EASING UP. Going no-till meant the Stoltzfuses could double crop more acres. With the later, warmer planting date, trying to plow ahead of planting was tough on their horses. Now, with a properly setup no-till planter, the task is much easier.

Planter Building Proves A Useful Skillset for Pennsylvania No-Tiller

Horse or tractor-farmed fields alike benefit from no-till and a strategically built and well-maintained planter.

I think readers will find our experiences with no-till to be equally foreign and familiar. Foreign in the fact that on our family farm, the horsepower that runs our field operations comes from actual draft horses. Similar in that we’ve gained many benefits from making the move to no-till.

Our farms, and our business, Pequea (pronounced “peck-way”) Planters, are in the thriving agricultural and Amish farming region of Lancaster County, Pa. My wife, Barbie, and I have five sons and four daughters. Three of my sons are farmers. The other two, Daniel and Omar, partner with me on Pequea Planters. The push to no-till and, to some degree the creation of the custom planter building business, was a result of the ever-increasing value of farm ground in our area. 

Even back in the 1970s and ’80s, farm ground had become so expensive that we saw a need to increase return per acre. Double cropping was one of the ways we achieved greater returns. On our farms and many others in the area, the new strategy is to take off high moisture forage in the spring, apply manure and immediately plant corn. Our cover crops are used as fall pasture or harvested in fall or spring as high moisture forage. Those covers not harvested in spring are burned down ahead of planting corn.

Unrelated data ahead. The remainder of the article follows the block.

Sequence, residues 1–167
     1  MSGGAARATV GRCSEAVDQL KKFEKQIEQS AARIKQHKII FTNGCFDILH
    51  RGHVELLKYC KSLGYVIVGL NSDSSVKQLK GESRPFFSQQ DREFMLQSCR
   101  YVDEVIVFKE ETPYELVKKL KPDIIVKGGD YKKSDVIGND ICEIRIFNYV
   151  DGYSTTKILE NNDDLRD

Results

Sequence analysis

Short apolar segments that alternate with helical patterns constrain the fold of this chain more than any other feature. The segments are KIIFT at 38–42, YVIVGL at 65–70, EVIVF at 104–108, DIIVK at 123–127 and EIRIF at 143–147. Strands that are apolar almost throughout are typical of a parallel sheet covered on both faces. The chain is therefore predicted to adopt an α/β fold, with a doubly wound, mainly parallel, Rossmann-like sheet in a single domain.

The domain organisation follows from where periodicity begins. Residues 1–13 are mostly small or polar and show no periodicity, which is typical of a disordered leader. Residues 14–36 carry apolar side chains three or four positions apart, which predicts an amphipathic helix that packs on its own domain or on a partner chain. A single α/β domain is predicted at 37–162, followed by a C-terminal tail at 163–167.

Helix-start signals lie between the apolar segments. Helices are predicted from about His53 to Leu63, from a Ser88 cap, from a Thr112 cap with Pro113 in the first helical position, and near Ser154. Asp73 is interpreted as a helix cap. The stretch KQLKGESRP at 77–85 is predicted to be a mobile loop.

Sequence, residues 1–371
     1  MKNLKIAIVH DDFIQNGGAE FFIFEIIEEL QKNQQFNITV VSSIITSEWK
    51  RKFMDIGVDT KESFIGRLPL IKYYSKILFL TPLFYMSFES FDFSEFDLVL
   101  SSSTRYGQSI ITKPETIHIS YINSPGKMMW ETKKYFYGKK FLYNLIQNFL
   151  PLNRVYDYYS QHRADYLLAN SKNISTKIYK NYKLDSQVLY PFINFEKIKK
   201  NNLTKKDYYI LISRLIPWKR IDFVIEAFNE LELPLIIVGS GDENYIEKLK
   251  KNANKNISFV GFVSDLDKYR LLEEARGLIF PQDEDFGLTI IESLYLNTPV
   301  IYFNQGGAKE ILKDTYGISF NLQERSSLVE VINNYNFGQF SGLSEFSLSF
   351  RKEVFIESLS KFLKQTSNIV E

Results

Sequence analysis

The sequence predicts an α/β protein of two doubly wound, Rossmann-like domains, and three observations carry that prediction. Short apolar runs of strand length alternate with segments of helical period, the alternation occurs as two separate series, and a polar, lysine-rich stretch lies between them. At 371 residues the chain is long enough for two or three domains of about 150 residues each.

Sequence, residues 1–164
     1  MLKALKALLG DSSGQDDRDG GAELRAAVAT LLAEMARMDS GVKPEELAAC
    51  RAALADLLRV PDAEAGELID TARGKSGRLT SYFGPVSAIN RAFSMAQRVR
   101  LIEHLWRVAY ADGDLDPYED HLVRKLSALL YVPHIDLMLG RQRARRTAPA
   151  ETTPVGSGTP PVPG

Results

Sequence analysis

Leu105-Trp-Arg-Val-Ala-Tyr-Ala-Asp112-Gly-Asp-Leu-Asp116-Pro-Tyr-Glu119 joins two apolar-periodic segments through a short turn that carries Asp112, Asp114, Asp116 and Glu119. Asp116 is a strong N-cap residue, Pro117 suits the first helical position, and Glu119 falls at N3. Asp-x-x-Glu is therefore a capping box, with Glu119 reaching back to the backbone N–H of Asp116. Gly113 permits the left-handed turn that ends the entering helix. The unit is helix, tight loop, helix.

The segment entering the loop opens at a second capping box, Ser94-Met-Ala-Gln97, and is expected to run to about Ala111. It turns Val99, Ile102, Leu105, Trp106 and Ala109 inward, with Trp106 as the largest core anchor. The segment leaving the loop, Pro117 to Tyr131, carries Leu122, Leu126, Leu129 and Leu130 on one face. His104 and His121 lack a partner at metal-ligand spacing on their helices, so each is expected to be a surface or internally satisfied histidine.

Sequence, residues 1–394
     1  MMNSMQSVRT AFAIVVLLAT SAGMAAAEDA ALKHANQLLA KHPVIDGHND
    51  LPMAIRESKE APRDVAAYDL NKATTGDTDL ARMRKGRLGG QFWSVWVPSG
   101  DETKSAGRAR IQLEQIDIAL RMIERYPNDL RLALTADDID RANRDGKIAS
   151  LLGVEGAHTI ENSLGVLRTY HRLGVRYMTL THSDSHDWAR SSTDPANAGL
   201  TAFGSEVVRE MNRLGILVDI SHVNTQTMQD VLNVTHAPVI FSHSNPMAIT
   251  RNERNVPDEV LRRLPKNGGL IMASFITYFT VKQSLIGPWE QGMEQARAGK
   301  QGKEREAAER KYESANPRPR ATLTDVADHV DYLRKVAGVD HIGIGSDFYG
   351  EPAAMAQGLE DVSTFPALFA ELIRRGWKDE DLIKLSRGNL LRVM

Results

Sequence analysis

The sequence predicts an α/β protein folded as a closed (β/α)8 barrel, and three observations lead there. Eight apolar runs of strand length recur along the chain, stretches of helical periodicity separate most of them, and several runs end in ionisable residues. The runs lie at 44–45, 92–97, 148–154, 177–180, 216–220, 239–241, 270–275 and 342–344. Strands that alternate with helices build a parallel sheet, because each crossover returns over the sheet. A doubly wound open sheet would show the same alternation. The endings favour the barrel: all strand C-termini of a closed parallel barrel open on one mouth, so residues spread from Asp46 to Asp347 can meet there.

When we started double cropping, we needed to get in and plow the field right away in May or June to plant the next crop. This presents a…

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Martha mintz new

Martha Mintz

Since 2011, Martha has authored the highly popular “What I’ve Learned About No-Till” series that has appeared in every issue of No-Till Farmer since August of 2002.

Growing up on a cattle ranch in southeastern Montana, Martha is a talented ag writer and photographer who lives with her family in Billings, Montana.

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